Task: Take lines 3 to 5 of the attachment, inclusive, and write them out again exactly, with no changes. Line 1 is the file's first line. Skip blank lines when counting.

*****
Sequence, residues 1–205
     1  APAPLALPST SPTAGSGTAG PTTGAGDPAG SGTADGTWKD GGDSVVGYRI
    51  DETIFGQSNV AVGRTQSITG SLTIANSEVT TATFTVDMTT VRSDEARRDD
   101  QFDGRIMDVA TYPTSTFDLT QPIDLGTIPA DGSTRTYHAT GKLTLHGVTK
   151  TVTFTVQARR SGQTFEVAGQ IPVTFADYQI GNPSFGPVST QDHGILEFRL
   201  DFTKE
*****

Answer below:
    51  DETIFGQSNV AVGRTQSITG SLTIANSEVT TATFTVDMTT VRSDEARRDD
   101  QFDGRIMDVA TYPTSTFDLT QPIDLGTIPA DGSTRTYHAT GKLTLHGVTK
   151  TVTFTVQARR SGQTFEVAGQ IPVTFADYQI GNPSFGPVST QDHGILEFRL